C. neoformans has a polysaccharide capsule that is a virulence factor. Capsulebinding antibodies can mediate protection against infection. The murine monoclonal antibody (mAb 2H1) is representative of a class of antibodies elicited by a polysaccharide-protein conjugate vaccine which are being developed as potential therapeutic agents. C. neoformans infections are chronic and often incurable in patients with impaired immunity. This raises concern about the possibility of antigenic changes during infection and the potential of antibody-based therapies to select for new antigenic variants. To investigate this question we studied the stability of the epitope defined by the protective mAb 2H1 in vivo and in vitro. In vivo experiments were done by serially passaging a colony of C. neoformans in mice given mAb 2H1. In vitro studies were done by selecting for yeast cells which did not agglutinate in the presence of mAb 2H1. The initial and passaged isolates were studied by karyotype analysis, indirect immunofluorescence, FACS and agglutination endpoint. The results indicate: 1) the epitope defined by mAb 2H1 is found in C neoformans after 5 serial passages in mice treated with mAb, suggesting stability in vivo despite antibody selection; 2) variants with markedly altered mAb 2H1 epitope localization can be selected in vitro by recovering yeast that fail to agglutinate; 3) mAb 2H1 is not opsonic for some of these variants; 4) there is considerable variation in mAb 2H1 epitope content and localization within a given C. neoformans strain. The results indicate that, under certain circumstances, mAb 2H1 can select for C. neoformans variants with altered capsular epitope phenotype and this is an important consideration in the design of antibody-based strategies for the prevention and therapy of cryptococcal infection.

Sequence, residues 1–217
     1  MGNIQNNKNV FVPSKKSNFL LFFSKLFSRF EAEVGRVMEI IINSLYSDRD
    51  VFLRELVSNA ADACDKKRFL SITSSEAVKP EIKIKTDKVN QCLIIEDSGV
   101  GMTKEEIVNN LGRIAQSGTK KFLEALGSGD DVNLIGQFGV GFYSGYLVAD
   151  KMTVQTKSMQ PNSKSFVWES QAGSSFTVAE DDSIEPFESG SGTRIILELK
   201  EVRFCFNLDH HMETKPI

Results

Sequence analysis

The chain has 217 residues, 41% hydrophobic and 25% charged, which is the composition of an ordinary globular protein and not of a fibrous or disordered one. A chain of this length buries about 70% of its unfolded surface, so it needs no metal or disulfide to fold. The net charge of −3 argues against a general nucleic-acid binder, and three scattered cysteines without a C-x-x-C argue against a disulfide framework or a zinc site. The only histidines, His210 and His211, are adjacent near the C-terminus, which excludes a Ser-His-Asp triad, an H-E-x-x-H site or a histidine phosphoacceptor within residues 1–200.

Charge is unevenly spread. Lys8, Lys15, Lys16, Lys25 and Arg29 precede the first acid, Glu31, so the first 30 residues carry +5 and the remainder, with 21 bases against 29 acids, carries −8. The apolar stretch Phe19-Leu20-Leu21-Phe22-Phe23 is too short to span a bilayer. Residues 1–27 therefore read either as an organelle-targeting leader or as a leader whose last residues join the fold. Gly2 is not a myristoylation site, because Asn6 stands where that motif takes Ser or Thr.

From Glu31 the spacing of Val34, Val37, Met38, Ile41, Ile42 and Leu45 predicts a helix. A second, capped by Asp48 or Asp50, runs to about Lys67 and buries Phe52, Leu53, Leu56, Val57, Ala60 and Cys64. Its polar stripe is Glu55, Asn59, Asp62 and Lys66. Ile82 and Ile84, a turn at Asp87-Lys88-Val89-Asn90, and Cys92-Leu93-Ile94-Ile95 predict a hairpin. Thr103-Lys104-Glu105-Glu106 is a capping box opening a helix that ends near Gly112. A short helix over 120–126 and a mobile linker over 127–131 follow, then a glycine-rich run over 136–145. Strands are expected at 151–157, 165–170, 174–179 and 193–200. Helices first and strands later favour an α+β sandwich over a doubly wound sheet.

|Original language||English (US)|
|Number of pages||1|
|Journal||Clinical Infectious Diseases|
|State||Published - Dec 1 1997|
ASJC Scopus subject areas
- Microbiology (medical)
- Infectious Diseases